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Are stocks now climbing too high?

Posted: Friday, May 16, 2003

NEW YORK (AP) Did we hear worries about too much buying being muttered on Wall Street this past week? We haven't heard that kind of talk in a long while.

Given the stunning strength in stocks in recent weeks, it's not surprising that some Wall Street strategists are starting to think the market has come too far too fast and it might be time for a bit of a pullback.

That's not to say stocks will sink back to their bear market lows, but they might not be heading only straight up.

''We are not going to have a V-shaped recovery because the fundamentals just don't back it up,'' said Brian G. Belski, fundamental market strategist at US Bancorp Piper Jaffray.

The market's recent performance is impressive. Now that the war in Iraq is largely a distant memory in investors' minds, they seem more ready to commit to stocks.

Just look at the climb since March 11, when the market's major indexes were at their lowest levels since hitting multiyear lows in October. The Dow Jones industrial average has gained about 16 percent since then, the Nasdaq composite index 22 percent and the Standard & Poor's 500 index about 18 percent.

And the surge has been broad-based, with sectors from technology to blue chips to consumer stocks joining in the gains.

Still, the worry is that the market is outrunning reality. Maybe not irrational exuberance, but maybe overexuberance.

There aren't any signs of a strong economic rebound, and especially troubling has been the continued weakness in the labor market.

Quarterly corporate earnings came in better than expected, but estimates had been drastically reduced. And expectations for the second half of this year may be far too high given that the economy remains sluggish.

There are also concerns that stocks have accomplished a year's worth of positive returns in a few weeks' time.

''I think the bear market is over and 2003 will turn out to be a better year for stocks,'' said Francois Trahan, chief investment strategist at Bear, Stearns & Co. ''But what I am wondering is if the market is getting ahead of itself.''

Trahan points to technical indicators. For instance, the Market Volatility Index (VIX) of the Chicago Board Options Exchange now stands at about 21 to 22, which is above the 20 range that has stopped most rallies over the last six years. The higher the VIX, the more fearful investors are.

He also worries about how upbeat investors are. Using an average of four prominent weekly investor sentiment polls, he sees 49.7 percent of investors as bullish and that's growing each day. Usually when that average hits 55 percent, he says, it is the ''trigger point for a reversal.''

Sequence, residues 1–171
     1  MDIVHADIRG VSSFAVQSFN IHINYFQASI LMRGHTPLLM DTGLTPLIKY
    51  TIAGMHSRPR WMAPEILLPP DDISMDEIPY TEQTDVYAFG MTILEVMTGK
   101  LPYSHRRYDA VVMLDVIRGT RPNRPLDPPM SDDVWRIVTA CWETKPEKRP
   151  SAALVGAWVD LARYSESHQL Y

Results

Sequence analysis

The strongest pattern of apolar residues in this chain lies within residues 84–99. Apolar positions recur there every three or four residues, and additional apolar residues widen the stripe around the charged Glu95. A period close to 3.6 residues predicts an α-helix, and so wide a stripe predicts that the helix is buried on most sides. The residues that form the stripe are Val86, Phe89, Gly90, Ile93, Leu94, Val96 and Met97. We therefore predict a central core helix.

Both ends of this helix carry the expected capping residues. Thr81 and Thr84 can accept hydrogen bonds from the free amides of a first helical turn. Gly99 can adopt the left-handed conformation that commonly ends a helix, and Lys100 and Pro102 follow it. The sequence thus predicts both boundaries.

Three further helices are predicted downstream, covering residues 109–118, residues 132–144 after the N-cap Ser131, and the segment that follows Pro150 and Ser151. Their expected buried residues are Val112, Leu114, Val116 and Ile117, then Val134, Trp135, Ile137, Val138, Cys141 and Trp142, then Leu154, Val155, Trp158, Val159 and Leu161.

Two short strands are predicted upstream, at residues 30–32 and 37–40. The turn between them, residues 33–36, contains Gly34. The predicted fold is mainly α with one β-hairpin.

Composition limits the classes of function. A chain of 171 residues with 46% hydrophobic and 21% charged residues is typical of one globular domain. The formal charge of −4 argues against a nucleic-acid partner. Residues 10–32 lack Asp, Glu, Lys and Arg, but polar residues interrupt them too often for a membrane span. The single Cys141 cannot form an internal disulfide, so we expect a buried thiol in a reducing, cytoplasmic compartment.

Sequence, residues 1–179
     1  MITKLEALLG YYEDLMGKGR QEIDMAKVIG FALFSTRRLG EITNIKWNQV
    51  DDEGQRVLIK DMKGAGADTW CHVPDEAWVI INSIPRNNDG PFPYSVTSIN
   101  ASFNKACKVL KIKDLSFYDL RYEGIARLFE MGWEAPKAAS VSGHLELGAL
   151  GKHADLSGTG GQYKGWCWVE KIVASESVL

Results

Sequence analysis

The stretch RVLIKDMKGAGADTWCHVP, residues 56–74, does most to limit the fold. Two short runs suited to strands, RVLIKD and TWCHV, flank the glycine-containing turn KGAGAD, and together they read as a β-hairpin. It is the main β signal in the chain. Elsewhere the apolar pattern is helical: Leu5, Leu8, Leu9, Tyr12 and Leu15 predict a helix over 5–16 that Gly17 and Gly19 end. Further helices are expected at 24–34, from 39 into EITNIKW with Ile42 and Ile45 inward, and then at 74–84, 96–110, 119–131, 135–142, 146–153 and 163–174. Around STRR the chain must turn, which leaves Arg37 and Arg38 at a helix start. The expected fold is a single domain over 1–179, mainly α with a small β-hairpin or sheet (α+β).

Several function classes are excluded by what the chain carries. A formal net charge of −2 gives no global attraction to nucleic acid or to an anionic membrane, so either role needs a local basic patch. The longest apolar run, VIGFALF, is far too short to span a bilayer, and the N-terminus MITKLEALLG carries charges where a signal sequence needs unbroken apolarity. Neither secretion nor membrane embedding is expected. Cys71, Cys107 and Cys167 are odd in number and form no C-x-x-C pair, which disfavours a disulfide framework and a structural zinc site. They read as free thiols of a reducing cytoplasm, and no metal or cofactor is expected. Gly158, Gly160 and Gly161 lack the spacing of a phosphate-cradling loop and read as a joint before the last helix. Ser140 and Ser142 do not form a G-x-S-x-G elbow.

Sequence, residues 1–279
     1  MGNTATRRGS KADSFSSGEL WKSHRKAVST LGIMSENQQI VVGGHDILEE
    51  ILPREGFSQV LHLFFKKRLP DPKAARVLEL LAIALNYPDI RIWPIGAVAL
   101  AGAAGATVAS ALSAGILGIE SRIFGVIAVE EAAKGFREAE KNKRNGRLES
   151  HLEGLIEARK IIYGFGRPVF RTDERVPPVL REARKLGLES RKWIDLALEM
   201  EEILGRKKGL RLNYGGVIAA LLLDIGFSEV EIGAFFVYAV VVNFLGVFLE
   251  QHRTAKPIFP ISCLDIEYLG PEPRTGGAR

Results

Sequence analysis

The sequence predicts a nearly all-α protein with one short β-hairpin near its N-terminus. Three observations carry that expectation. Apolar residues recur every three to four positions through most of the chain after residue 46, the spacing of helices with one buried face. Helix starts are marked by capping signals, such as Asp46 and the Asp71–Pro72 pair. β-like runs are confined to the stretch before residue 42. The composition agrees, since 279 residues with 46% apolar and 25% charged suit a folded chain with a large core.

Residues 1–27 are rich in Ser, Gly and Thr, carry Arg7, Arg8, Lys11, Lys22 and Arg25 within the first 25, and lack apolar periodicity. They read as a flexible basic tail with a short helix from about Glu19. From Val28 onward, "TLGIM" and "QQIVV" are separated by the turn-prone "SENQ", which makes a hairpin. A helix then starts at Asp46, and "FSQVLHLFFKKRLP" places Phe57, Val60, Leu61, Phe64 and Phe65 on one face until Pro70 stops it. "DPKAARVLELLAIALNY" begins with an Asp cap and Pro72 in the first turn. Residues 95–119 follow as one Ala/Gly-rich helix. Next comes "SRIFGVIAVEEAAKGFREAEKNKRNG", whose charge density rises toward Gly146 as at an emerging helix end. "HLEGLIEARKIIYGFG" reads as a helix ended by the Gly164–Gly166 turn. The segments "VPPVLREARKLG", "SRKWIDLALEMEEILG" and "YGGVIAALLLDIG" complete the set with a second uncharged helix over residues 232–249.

Trahan's expectations for a market pullback which he says could be as much as half the gains in recent weeks spurred him this past week to reduce his recommended allocation of stocks to 60 percent from 65 percent. He also increased his recommendation for what investors should have in cash to 15 percent from 10 percent.

Others, though, aren't so convinced a steep decline is in store. They think there could be some brief profit-taking and then stocks will resume their climb.

They point to the significant price surge that followed the last multiyear bear market from 1973 to 1974. In 1975, the Dow gained 38.3 percent, followed by a gain of 17.9 in 1976, according to the Stock Trader's Almanac.

In addition, this is the third year of the Bush presidency, and there hasn't been a decline in the Dow during a president's third year since Franklin D. Roosevelt was in office in 1939, the Almanac said.

But even those who are more optimistic acknowledge volatility is possible.

Kevin Gaughan, portfolio manager and equity strategist at Strong Financial Corp. in Milwaukee, said investors need to remain smart in their buying and selling.

''It's not just how well you buy companies, it is how well you get out,'' he said. ''You have to have an exit strategy.''

Regardless of where the market turns next, what's worrying Wall Street seems to have changed. It's been a while since the market was considered overbought.

Rachel Beck is the national business columnist for The Associated Press. Write to her at rbeck(at)ap.org



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